Indie Rock Genealogy: Wolf Parade, Sunset Rubdown, Handsome Furs

One of the great advantages of signing with an independent label (hence being an indie band) is that collaboration appears more encouraged, and freedom more oft divvied out. We see excellent efforts in "solo" projects from band members of Animal Collective and Grizzly Bear (Panda Bear, Department of Eagles, respectively) and The New Pornographers (Neko Case, who never leaves the band completely) because these musicians are encouraged to take advantage of the opportunities to create. It's more like an open salon than a label culture, providing we lucky listeners with eclectic sounds and wild groupings, and with art that is altogether intentionally inaccessible. Since this line of thought may well devolve into just an argument for the virtues of independent record labels, I'll digress, but the point is that indie bands can do a lot creatively, without booking stadiums or grabbing insanely expensive studio time. Instead, we get cross-collaborations and off-shoots. And recently, I've been re-discovering/re-falling in love with Wolf Parade, and the impetus for my born-again passion was Sunset Rubdown. And Handsome Furs.

All three bands are linked into a tightly-knit Canadian indie rock tapestry. Wolf Parade, the most well-known pairs Spencer Krug and Dan Boeckner (with Arlen Thompson, Hadji Bakara and Dante DeCaro) and is responsible for two of greatest indie rock love songs of the last decade ("I'll Believe in Anything" and "You Are a Runner and I Am My Father's Son" from Apologies to Queen Mary). The mixing vocals, between Krug's meaty, graveled wail and Boeckner's slightly more melodic tones and the airy, but still weighty walls of sound that pour out on every track they've composed as a band is staggering. I remember the first time I heard Apologies to Queen Mary, being both enamored and confused, it was something that I loved, but I couldn't be sure why. It was love at first listen. The album is incredibly passionate, powerful throughout. It doesn't give you a break, and you don't want one. It's like making love when you first fall in love. It can't happen too often, and the closeness is nearly an addiction. Wolf Parade's second At Mount Zoomer is more syncopated, less breathless, but more adventurous; expanding greatly on the foundation built with the first album, but holding onto the same sentiments of love, passion and the ways we isolate ourselves for fun and out of loneliness. "Soldier's Grin" is one of those openers that feels almost separated from time and place. The point here, is that Wolf Parade is amazing. The sum of two great vocalists/songwriters efforts. And Wolf Parade has led to a wide array of offspring.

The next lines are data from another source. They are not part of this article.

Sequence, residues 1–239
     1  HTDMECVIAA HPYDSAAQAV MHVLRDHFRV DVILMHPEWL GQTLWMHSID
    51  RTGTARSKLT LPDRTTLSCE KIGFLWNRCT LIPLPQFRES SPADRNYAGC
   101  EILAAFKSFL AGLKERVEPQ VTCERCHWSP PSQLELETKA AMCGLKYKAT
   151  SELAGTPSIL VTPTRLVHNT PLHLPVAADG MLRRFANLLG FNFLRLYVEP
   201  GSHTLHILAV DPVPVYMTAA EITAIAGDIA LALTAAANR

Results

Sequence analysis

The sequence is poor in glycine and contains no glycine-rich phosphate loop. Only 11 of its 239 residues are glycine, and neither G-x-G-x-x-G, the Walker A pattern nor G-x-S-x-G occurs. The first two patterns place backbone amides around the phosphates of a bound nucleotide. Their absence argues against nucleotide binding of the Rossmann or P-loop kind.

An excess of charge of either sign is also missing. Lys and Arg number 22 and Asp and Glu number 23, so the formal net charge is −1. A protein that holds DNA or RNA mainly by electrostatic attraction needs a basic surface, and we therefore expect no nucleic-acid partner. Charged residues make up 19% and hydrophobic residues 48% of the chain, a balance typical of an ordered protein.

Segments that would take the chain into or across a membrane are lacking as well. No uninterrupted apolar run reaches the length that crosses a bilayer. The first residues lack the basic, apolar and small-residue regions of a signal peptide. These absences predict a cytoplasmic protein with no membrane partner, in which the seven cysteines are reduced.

Five bands are directly linked to Krug and Boeckner, including Frog Eyes, Swan Lake, Atlas Strategic, and the two listed in this post's title: Sunset Rubdown and Handsome Furs. I'm hard pressed to count another band that gave birth to so many side projects. (And please, if you think of some, comment on this. I'm sincerely interested. Expand my mind.) Sunset Rubdown is Krug's side project of note. Two stellar albums recently Random Spirit Lover and Dragonslayer have propelled them up through the indie ranks. And Dragonslayer has some incredible, sincere, dire and rocking tracks, including but by no means limited to "Silver Moons" which asserts, "I believe in growing old with grace/I believe she only loved my face/I believe I acted like a child/Making faces at acquired tastes/And now silver moons belong to you..." Just amazing lyrics. Boeckner's Handsome Furs are equally exceptional, if markedly different (Krug's voice is possible a major factor). They're most recent Face Control is loaded with loving harmonies and great tracks, "Legal Tender," and "Evangeline" especially. And "Thy Will Be Done."

So, with so much great, eclectic, individual and successfully collaborative work coming from Krug and Boeckner, I feel compelled to make that dreaded, but fucking apt Lennon/McCartney comparison. Both have clearly defined writing styles, Wolf Parade songs can be separated fairly easily just by hearing them into either the Krug or the Boeckner column, and their "solo" work carries that style on unabated. But, it's not fair to make the comparison. Lennon and McCartney did most of their greatest work together (granted the White Album was essentially individual) and when they finally broke up, they're music wasn't the same. Lennon wrote more great post-Beatles stuff than McCartney (though "Maybe I'm Amazing is fucking incredible to this day), but John was never quite the same after the Beatles. He grew up, and that changed his songwriting motivations. Same for Paul. They were best as the Beatles, and while I'd happily argue that Wolf Parade is better than just the sum of its parts, both Sunset Rubdown and Handsome Furs exceed expectations in providing a uniquely familiar experience; a more personal sit-down with Krug or Boeckner, respectively. And maybe that's because they're still young enough. They have the sentiments lingering. Or, maybe it's as simple as they aren't so greatly overshadowed. Wolf Parade is not the Beatles, simply, they aren't a movement or institution, they're a simply an incredible band. Maybe, still, it's a Canada thing (a litany of excellent bands are from Canada). Whatever it is, though, all three bands are worth hearing, and I will be checking out the other members of this rock lineage soon with expectations for new angles on established excellence.

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